Friday, August 19, 2005

Yeah, I didn't expect him to excercise his option with his position in the market

1) Coming back from Rhode Island, I was sporting a massive farmer's tan. Fortunately, that is no longer the case. Yesterday, I managed to augment my farmer's tan with a nice, t-shirt shaped burn. Fantastic.

2) So, after being called heartless and lectured that celebrities are real people when I commented that "if you're going to leave Jennifer Aniston, Angelina Jolie is kind of trading up", I've come to a few conclusions about the differences between men and women when it comes to following the cult of celebrity. Besides the fact that just about every public confession and relationship of the celebrities is thought out and given some sort of spin, we find that the lifestyles they lead (that is, limited responsibility and large sums of money for essentially pretending to be other people) is promblematic in making well adjusted individuals, much less good relationships. So this perverse form of watching them takes on essentially two versions: what I deem the soap opera version (usually the female version) and the off-season version (male version). Basically, the level of emotional attachment and viewing paradigms are like this:

Soap Opera version: just an extension of the realities that they pretend to play. These public figures are just more characters in a hybrid-soap opera. Women tend to say nonsense about these relationships like, "Oh, they look so good together", "Wow, I can't believe he would do something like that", "It's a shame he's back on drugs", and "That Ben Affleck sure is talented." Basically, they get emotionally involved in a fantasy world that has little to deal with their lives, and get upset/shocked/happy in the same manner that they do with soap opera-esque things.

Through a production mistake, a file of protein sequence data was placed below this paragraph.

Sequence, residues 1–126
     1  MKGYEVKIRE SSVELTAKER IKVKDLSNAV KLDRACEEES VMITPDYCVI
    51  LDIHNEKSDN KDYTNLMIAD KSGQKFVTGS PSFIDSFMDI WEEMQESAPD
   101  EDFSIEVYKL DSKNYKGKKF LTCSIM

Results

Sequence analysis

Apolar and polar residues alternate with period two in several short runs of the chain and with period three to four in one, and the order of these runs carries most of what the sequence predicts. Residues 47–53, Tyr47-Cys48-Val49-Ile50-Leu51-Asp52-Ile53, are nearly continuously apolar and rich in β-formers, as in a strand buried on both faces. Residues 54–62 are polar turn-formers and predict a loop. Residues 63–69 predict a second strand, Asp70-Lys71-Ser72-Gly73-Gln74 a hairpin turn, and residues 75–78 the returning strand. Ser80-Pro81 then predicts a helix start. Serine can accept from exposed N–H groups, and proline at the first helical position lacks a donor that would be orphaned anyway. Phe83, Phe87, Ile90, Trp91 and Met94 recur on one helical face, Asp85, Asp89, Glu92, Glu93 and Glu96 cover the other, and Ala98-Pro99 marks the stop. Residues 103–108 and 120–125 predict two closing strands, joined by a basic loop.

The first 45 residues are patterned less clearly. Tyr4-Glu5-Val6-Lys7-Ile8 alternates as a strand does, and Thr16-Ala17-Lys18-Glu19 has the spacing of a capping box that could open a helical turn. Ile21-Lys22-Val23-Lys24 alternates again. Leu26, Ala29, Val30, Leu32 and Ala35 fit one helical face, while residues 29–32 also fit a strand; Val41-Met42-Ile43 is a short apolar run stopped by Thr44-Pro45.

Off-Season version: Males, on the otherhand, tend to view celebrity relationships much in the way we view a sports offseason transactions: with less fervent interest and a mildly cold detachment. Though we hope that some players stay with our favorite teams forever, we understand that player movement is just a function of the way the system is set up. So, when men follow this stuff, we tend to say things like, "Did you see that Garner signed Benn Affleck?", "It looks like Pitt isn't going to excercise his option for the upcoming season", and "Man, that Jennifer Lopez sure is a poorly run organization."

3) And another thing, why do women have trouble understanding why Angelina Jolie is so attractive? I mean, just because she's crazy doesn't preclude her from being hot (quite the opposite, actually). Is it so hard to understand that crazy women tend to be seductive because they are crazy? The best I've ever seen it put was in Fatal Instinct, when Armand Assante has his tryst with the Fatal Attraction-esque charater, when she throws him on the floor and rips off his pants and he says, "Oh, this is soooooo... different!" That's attractive. And sure, maybe Angelina Jolie would try and stab you during sex, slash you up or whatever, but dodging a knife might be fun in a kinky sort of way. It's not that it's something we want to do every time, but the idea itself is interesting. Men are curious by nature; trying crazy sexual acts is rooted in the same phenomena as why we want to know why the sky is blue or what stars are made of. I guess it just awakens the sexual scientist in us.

4) Yes, I've already set up the futon for me to sleep on tonight.


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